On January 18 Governor McDonnell announced a new cyber security marketing effort positing Virginia as the best place in the country to start or relocate businesses in the cyber security field. There are over 300 cyber security focused companies in Virginia and they are seeking to grow. The Office of Virginia’s Secretary of Technology casts a vision for this growth in a recently published a booklet titled Virginia’s Innovation Ecosystem: The Trusted Leader in Growing Cyber Security Solutions. They are seeking to build the future cyber security economy based on five key principles: collaboration, coordination, investment, integration, and trust. The root of their success has been integrated leadership between business, educational institutions, and government.
Virginia has garnered over $1 trillion in Federal investment, and the Commonwealth has provided the leading-edge cyber security research necessary to protect the nation’s networks and infrastructure against attack. The Federal Government is the, “wellspring of cyber security policy, funding and technology,” and the booklet claims that Virginia’s proximity makes it the choice environment for the cyber security industry. Evidence of Federal commitment is seen in 30 different initiatives focused on cyber security. Congress has also introduced approximately 50 relevant bills.
The booklet further explains that Virginia’s own experience using cyber security to protect from attack has given the state an unparalleled security posture. Virginia even received the 2008 Outstanding Achievement Award in State Government IT by the National Association of State Chief Information Officers. The state has the highest concentration of technology workers and computer science jobs in the nation. Offerings include the following services: network infrastructure, authentication, biometrics, and encryption products.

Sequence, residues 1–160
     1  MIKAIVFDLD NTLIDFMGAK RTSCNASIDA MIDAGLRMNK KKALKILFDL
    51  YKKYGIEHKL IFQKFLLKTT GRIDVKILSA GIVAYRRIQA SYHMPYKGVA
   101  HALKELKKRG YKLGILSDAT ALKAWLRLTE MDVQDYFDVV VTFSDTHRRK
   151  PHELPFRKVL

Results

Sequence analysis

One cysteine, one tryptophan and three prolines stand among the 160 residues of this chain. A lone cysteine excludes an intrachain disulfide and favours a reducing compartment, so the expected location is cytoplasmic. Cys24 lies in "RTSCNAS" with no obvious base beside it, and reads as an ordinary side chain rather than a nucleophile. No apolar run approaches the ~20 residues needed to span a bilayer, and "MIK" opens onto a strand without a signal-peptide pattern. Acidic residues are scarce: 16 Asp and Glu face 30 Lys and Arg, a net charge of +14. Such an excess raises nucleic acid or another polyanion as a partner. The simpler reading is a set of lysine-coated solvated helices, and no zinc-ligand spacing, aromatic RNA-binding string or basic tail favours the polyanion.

Virginia’s cyber security industry also serves financial services, utilities, and health care businesses in the private sector. The Deloitte Center for Cyber Innovation was established in Arlington, Virginia in 2010 by the largest private professional services organization in the world. The increasing embrace of cloud computing technology means that more data centers are migrating, and Virginia has sought to create a fertile environment by offering tax exemptions and low commercial electricity rates. As a result Virginia has become the trusted home to over 50 data centers.
Community colleges and four-year colleges and universities in the Commonwealth contribute 2,150 technology graduates each year into the labor pool. The National Security Agency and the Department of Homeland Security have named George Mason University, James Madison University, Norfolk State University, and Virginia Tech as National Centers of Academic Excellence in Information Assurance Education or Centers of Excellence in Research.
The booklet concludes that the combination of these resources mixed with Virginia’s pro-business environment makes the Commonwealth a “fertile field” for developing new products and services. Jim Duffey, Virginia’s Secretary of Technology, summarizes the vision of this booklet succinctly; “The rich assets that have made Virginia a leader in innovation and technology are making it the leader in cyber security today and into the future.” Virginia is indeed a thriving ecosystem for the cyber security industry.
Noah works with the Ethics & Religious Liberty Commission of the Southern Baptist Convention, and is an evangelical Christian trained in theological studies. He lives on Capitol Hill with his wife and two children. You can follow him at his blog www.noahbraymen.blogspot.com.